The conference luncheon will feature entertainment by the Keith Stras and Rick Rzeszutko Polka Radio Show and will be followed by the keynote speaker Dominic Pacyga. His talk is titled “Polish Chicago: From Fourth Partition to Suburbia” and will describe the emigration of four million Poles from the Russian, Austrian and German partitions to the United States between 1870 and 1920 in search of a better life. Their relocation is referred to as “the Fourth Partition.”

Both afternoon sessions will be given by Ola Heska. In the first afternoon session learn how to obtain vital records from the Polish State Archives website with step-by-step instruction. Free Wi-Fi is available to allow you to follow along on your laptop or tablet. The second session will cover two exciting new Polish websites Geneteka and Metryki. Learn how to search for ancestors in these databases that have been indexed by the Polish Genealogical Society (PTG). Learn how to obtain the digitized vital records that are now available online.

The bus tour on Friday will include stops and tours of the “original” Sears-Roebuck water tower, St. Adalbert Parish in the Pilsen neighborhood, St. Mary of Perpetual Help Parish in Bridgeport, the Pullman Railroad Car Company site and St. Michael the Archangel Parish in the South Shore neighborhood. More views along the bus route will include the Spiegel Warehouse, the 1893 Columbian Exposition Fair Grounds, Immaculate Conception Parish, over Blues Brothers movie ‘bridge,’ the site of US Steel mills and more.

Plan to stay at the Chicago Marriott Midway. The hotel is conveniently located close to Midway Airport and a discounted room rate of $99 per night has been arranged for a limited number of conference attendees..

Life is short. Your efforts in attending the PGSA conference will be rewarded with a wealth of new sources to find information for your family history.

Visit www. PGSA.org for registration information and more detail.

My Polish Ancestors: Peasants or Nobles

When I found the Polish baptismal records for my ancestors, I was surprised to see that they were of “royal birth.”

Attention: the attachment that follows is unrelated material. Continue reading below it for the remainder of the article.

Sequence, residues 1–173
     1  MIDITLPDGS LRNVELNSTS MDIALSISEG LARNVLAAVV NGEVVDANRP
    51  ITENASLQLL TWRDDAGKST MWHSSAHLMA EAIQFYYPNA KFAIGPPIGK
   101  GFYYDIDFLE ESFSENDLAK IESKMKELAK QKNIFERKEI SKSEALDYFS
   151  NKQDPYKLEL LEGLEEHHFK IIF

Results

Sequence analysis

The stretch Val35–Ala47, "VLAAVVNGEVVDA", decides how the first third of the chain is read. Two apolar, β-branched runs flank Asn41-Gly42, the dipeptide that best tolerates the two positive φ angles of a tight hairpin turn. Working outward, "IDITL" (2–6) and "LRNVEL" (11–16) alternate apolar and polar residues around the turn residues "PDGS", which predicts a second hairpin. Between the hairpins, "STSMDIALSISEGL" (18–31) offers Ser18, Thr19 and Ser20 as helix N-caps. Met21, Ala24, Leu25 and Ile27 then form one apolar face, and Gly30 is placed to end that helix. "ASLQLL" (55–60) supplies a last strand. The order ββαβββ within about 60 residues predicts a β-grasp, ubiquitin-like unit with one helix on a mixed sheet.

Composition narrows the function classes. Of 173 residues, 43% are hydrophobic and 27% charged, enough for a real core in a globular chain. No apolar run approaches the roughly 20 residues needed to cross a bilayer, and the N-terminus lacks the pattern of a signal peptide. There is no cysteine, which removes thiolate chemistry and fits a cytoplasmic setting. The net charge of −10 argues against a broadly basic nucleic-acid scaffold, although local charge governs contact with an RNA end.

How could my ancestors be nobility and still be poor farmers? A recent article by Iwona Dakiniewicz helped explain what happened to my ancestors and many more of the nobility. Iwona’s article was titled Time for Nobles and it appeared in the February 2015 edition of the Rodziny published by the Polish Genealogical Society of America.

Iwona explained that at one time all of the children of the nobles had an equal right to inherit the property. The sons received equal parts of the land and the daughters received dowries. This caused rapid subdivision of large estates. If the farm became too small, the landowner had to work the land himself because he could not afford to support serfs or pay laborers. Thus the class of minor nobles (zaściankowa) was born from the heirs who owned small farms but whose ancestors were brought up on large manor estates (folwarks) and had lived privileged lives. Their heirs could not enjoy the right of inheriting equally. After the estates were reduced to sizes that could barely support one family, the laws were changed to giving the right to inherit to only the oldest son.

Iwona’s article also explains that the adjective zaściankowy comes from za, “behind” and ściana, “wall.” This describes the idea that the minor nobles were impoverished and working their own fields but seemed to stand behind an invisible wall that continued to separate them from the peasants who lived nearby.

The mass exodus of the farm laborers from the Polish countryside between 1870 and 1920 was due to their poor living conditions. They needed to emigrate to find a place that could improve their living conditions. This wave of immigration is often called za chlebem or “for bread.” Peasants were not the only class of Polish people included in this wave. It also included many of the children of minor nobles who did not have the right to inherit and had to emigrate to find opportunities for themselves.

The majority of Polish-Americans are descendants of Poles who arrived after 1850. It is estimated that more than 2 million Poles had immigrated by the 1920s. Today, there are over 10 million Americans of Polish descent in the United States. Learn more about your Polish ancestors and enjoy your heritage.

Memories of Dziadka: Rural life in the Kingdom of Poland 1880-1912 and Immigration to America

My new book is about the life of a Polish immigrant from the Russian partition of Poland. It covers his early life in Poland, includes descriptions of his journey to America and his life in his new land. I used my grandfather as the main character but it is not his biography. I included information from accounts from various immigrants to give an example of a complete life and used this format to make it interesting for the reader. My hope is to show what our immigrant ancestors endured to come to America.